Nine studies with 5 976 026 patients were included in this meta-analysis. Prevalence of hepatic fibrosis was evaluated in nonalcoholic fatty liver disease (NAFLD), hepatitis C virus (HCV), and hepatitis C and HIV coinfection by two, four, and one studies. Progression of hepatic fibrosis was evaluated by two studies. Pooled OR for prevalence of fibrosis was 0.91 (0.72-1.15), I=75%. On subgroup analysis, pooled OR among NAFLD patients was 0.80 (0.75-0.86), I=0% and pooled OR among HCV patients was 1.96 (0.78-4.92), I=77%. Among studies evaluating HR, pooled HR for progression of fibrosis in HCV-HIV co-infected patients was 1.03 (0.96-1.11), I=0%.

CONCLUSION:

Marijuana use did not increase the prevalence or progression of hepatic fibrosis in HCV and HCV-HIV-coinfected patients. On the contrary, we noted a reduction in the prevalence of NAFLD in marijuana users. Future studies are needed to further understand the therapeutic impact of cannabidiol-based formulations in the management of NAFLD.”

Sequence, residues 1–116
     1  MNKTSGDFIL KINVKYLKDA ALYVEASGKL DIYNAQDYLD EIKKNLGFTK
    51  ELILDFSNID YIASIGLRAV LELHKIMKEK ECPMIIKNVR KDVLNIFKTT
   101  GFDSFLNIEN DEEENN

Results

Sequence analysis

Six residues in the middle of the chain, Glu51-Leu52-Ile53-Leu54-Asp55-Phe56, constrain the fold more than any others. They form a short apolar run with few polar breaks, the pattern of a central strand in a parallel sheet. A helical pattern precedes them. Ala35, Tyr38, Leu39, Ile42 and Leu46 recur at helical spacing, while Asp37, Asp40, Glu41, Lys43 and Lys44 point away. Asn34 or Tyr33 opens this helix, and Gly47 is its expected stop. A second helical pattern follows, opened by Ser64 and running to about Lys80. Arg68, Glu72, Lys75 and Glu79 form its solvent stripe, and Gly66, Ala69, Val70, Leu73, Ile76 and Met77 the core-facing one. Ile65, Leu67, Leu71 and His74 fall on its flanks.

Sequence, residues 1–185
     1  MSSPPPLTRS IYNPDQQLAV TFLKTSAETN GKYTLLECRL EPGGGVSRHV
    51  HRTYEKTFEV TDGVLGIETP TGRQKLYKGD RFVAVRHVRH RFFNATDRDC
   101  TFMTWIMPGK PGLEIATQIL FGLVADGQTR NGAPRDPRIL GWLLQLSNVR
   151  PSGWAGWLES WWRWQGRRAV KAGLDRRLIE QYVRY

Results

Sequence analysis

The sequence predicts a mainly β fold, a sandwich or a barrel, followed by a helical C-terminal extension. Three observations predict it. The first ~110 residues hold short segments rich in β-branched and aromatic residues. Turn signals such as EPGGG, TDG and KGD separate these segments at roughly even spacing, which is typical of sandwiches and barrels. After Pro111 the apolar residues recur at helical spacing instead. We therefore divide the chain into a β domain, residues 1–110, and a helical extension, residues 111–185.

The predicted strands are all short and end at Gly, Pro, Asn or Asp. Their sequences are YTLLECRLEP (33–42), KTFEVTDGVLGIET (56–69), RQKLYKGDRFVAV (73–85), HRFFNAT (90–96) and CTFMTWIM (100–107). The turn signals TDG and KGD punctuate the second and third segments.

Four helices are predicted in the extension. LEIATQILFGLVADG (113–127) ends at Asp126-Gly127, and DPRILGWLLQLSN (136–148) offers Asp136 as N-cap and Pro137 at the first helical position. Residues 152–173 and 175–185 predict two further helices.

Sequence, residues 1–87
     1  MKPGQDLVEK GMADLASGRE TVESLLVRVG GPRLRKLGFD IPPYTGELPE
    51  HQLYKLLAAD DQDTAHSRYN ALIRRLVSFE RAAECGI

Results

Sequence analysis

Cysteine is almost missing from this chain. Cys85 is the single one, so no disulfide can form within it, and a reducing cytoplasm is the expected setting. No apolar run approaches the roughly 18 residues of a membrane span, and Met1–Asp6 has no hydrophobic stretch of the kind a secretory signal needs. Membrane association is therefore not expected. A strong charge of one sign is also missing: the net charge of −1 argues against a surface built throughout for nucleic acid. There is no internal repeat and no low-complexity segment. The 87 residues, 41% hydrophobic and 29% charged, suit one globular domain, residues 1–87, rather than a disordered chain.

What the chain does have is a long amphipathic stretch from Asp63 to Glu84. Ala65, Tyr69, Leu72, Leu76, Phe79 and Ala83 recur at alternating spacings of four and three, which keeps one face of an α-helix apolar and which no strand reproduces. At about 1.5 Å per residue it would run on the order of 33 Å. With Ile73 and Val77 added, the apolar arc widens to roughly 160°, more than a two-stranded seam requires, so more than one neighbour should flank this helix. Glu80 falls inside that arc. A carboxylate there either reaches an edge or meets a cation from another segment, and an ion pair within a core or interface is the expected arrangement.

https://www.ncbi.nlm.nih.gov/pubmed/30234644

Marijuana Use Is Not Associated With Progression to Advanced Liver Fibrosis in HIV/Hepatitis C Virus-coinfected Women.

Issue Cover

“Marijuana (hereafter “tetrahydrocannabinol [THC]”) use has been associated with liver fibrosis progression in retrospective analyses of patients with chronic hepatitis C (HCV). We studied long-term effects of THC on fibrosis progression in women coinfected with human immunodeficiency virus (HIV)/HCV enrolled in the Women’s Interagency HIV Study (WIHS).

CONCLUSIONS:

In this large cohort of HIV/HCV-coinfected women, THC was not associated with progression to significant liver fibrosis. Alcohol use was independently associated with liver fibrosis, and may better predict fibrosis progression in HIV/HCV-coinfected women.”